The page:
I’ve had a few weeks off the weeknotes and that’s mostly down to the thing that’s going to be the main focus of this one: Patterns Day.
Patterns Day was on Friday, and I was one of the speakers. For those of you who didn't make it, my talk is on Vimeo or right here.
It’s the biggest talk I’ve ever done and I was nervous as hell and as such it’s dominated my thoughts for the past few weeks.
So, if you’ll indulge me, here are my very Patterns Day-centric weeknotes.
Where to begin. What a day. What a weekend.
I really had the most amount of fun meeting the organisers, the other speakers, many of the people who went along and countless people I “know from Twitter” but hadn’t yet met in real life.
The evident care Jeremy put into assembling the lineup meant an incredible mix of talks, covering the big picture stuff right down to the nitty gritty, and plenty in between.
Aside from the conference itself, all of the conversations around it, the speakers dinner, the drinks before, and the many, many drinks afterwards had me thinking until my brain hurt and laughing until my face hurt.
And people seemed to like my talk which was the best pay off I could have imagined, for the copious nerves I experienced beforehand (more on that below). I talked about the importance of content in design systems, and how to document components and patterns. I made a Twitter moment to capture some of the feedback I got, which I will treasure narcissistically forever.
Thank you to my wonderful team and colleagues beyond for supporting me through the nerves and celebrating with me and congratulating afterwards. You are genuinely the most wonderful humans I could possibly ask to work with and to know.
And finally, but most importantly, thank you so much to Jeremy and everyone at Clearleft for organising such a wonderful event.
Learning that anxiety doesn’t always spell danger
So, yeah. I was pretty open about the fact that I was petrified about doing my talk, but to be specific about it—I could hardly eat or sleep for the week beforehand, I felt sick all the time, I couldn’t get the idea of screwing it up out of my head and I cried, more than once.
In the end, the build up was so hard that actually starting the talk came as something of a relief. To be standing on stage, knowing the waiting was over and not having bottled it was far easier than the wait itself.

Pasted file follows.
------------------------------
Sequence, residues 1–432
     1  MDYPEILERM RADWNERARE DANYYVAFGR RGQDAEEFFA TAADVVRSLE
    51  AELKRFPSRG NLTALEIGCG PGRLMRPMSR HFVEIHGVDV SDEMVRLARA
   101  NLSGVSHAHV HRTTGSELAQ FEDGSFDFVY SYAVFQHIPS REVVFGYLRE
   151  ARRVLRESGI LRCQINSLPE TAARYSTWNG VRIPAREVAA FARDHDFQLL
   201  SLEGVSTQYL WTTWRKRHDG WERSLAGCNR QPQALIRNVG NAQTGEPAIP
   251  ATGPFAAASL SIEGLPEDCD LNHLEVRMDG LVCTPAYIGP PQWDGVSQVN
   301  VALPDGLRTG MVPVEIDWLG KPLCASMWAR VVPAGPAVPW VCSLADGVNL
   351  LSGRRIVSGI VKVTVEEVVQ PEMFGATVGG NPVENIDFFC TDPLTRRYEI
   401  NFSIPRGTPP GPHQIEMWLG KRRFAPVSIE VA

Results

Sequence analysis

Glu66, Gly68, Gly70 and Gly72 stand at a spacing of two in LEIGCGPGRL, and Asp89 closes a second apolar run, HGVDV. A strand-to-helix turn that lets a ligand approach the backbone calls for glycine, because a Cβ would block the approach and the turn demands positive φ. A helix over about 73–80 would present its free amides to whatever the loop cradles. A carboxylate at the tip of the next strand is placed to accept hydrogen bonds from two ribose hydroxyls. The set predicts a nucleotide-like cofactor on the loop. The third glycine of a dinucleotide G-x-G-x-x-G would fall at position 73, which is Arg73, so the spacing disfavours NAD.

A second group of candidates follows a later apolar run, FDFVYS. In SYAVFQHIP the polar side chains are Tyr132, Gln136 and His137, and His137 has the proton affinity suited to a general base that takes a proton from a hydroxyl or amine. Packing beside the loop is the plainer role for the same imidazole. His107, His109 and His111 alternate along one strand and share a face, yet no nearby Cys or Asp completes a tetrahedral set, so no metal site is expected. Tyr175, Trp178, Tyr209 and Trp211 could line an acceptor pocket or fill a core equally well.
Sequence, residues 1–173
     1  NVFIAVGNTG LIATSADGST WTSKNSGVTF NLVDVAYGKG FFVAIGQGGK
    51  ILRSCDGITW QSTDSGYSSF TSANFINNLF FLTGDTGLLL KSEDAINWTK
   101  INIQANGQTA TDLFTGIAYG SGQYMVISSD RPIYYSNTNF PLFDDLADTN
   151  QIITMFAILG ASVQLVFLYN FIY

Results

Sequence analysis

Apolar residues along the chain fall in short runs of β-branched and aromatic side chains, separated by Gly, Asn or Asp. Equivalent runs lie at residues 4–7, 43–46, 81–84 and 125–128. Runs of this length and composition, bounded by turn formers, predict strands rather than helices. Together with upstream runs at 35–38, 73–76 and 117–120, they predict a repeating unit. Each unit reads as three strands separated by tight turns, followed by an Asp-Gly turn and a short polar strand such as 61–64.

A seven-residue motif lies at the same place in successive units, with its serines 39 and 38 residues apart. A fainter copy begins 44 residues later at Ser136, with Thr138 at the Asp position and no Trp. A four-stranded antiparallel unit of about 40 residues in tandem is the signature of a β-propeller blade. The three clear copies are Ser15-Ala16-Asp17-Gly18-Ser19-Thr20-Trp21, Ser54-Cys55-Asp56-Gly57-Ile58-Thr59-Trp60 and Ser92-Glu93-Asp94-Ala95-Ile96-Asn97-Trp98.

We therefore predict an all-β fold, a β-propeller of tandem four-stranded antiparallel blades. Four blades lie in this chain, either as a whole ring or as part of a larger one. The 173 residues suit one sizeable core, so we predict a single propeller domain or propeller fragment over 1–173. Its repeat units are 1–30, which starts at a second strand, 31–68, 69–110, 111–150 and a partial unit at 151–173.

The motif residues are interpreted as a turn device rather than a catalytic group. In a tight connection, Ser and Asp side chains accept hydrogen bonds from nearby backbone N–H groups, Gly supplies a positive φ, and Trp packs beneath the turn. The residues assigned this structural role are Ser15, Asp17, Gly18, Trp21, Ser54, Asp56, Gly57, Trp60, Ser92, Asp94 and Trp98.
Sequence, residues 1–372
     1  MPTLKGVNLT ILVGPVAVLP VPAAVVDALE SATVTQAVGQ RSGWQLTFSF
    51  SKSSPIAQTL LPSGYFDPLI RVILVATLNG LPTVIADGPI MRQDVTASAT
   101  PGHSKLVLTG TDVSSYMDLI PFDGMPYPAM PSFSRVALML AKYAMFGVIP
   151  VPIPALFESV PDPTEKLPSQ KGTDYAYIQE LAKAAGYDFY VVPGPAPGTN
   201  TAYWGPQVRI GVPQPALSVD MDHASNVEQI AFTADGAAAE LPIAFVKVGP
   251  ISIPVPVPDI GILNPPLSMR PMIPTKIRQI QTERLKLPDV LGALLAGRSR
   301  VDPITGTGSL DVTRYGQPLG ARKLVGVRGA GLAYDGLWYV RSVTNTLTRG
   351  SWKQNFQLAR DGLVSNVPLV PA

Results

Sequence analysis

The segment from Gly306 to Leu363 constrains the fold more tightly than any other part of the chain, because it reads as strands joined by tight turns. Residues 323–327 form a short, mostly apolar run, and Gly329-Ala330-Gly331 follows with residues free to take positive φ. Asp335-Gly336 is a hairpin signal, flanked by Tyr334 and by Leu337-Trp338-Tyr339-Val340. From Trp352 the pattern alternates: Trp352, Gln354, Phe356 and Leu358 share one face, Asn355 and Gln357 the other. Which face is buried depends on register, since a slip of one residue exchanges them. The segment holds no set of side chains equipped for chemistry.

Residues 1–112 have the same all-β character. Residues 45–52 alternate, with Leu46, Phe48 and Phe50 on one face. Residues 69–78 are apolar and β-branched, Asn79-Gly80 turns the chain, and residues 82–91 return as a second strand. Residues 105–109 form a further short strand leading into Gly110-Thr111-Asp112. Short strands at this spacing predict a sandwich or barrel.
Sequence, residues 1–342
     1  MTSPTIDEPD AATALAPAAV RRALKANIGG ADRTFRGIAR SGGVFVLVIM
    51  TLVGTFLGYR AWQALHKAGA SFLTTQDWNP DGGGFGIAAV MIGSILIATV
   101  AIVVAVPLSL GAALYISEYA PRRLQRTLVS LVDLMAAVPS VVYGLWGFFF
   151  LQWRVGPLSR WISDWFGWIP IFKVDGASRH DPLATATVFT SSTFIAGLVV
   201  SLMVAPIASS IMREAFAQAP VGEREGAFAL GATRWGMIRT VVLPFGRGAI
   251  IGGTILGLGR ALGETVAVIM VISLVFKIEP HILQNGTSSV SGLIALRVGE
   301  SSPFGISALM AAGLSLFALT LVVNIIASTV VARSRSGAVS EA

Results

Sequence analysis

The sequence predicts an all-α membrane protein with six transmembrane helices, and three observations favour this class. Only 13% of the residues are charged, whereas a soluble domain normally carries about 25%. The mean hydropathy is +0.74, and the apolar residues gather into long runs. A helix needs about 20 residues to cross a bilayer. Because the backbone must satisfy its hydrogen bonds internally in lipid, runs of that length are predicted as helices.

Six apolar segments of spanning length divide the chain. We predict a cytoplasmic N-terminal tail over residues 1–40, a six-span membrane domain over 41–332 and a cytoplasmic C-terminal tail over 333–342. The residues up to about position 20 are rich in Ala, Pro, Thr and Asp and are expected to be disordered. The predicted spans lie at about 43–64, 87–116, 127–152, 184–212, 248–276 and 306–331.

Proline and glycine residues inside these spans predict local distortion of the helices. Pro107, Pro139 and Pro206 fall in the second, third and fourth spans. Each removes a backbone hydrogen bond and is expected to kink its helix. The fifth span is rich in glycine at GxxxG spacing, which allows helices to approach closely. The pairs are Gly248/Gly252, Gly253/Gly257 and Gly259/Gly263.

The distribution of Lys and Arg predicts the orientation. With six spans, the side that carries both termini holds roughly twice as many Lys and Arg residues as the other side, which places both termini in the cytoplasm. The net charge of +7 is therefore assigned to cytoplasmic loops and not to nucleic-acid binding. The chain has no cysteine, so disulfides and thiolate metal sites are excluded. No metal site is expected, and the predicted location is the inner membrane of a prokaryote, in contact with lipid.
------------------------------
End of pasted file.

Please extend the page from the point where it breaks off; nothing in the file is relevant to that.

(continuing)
And I say all of this because it’s important for me and I think anyone who suffers with anxiety about public speaking, or in general, to recognise that having a sense of impending doom doesn’t mean that doom is actually impending.
If we can acknowledge that, it starts to take the power out of the fear.
Finding more evidence that self-doubt has nothing to do with your ability
This is something I’ve found myself saying a lot recently, but I see more and more evidence of it everywhere I look: having doubts about your ability has absolutely nothing to do with your ability itself.
And I don’t just say that because I think my talk went well in the end. I say it because going to the speaker’s dinner and having the chance to talk to the other speakers beforehand showed me that the kind of fears I was having were plaguing nearly all of us.
In fact, I didn’t speak to one person who claimed to feel calm about giving their talk. And yet, they all smashed it. Most of them, if not all of them in fact, have smashed it many times before.
And I don’t even say this just because of Patterns Day. I say it because I see people doing amazing things all around me and seeming so put together, and then I hear those same people opening up about their fears and self-doubt and I find myself thinking “I would never have known”.
Like this thread from Janet Hughes from a couple of weeks ago and all the replies to it.
Or this incredibly brave, honest and inspiring blog post from Sarah Drummond about what it’s like to run a company, and the many personal and professional challenges that come with it.
Or the many, many replies I received in response to this thread about barriers to sharing work in the open where so many brilliant people told me they lack confidence in sharing their work because they don’t think they have enough value to add.
And the countless conversations I have with people I consider so clever and so talented and so collected, who tell me they’re wrestling with imposter syndrome and feelings that they lack capability.
While I don’t think we can eradicate self-doubt and imposter syndrome entirely, I strongly believe that if we can start to highlight this disconnect between the feelings and the outputs, we can become more resilient against it.
As I’ve said before, the real problem is feeling inferior, not being it.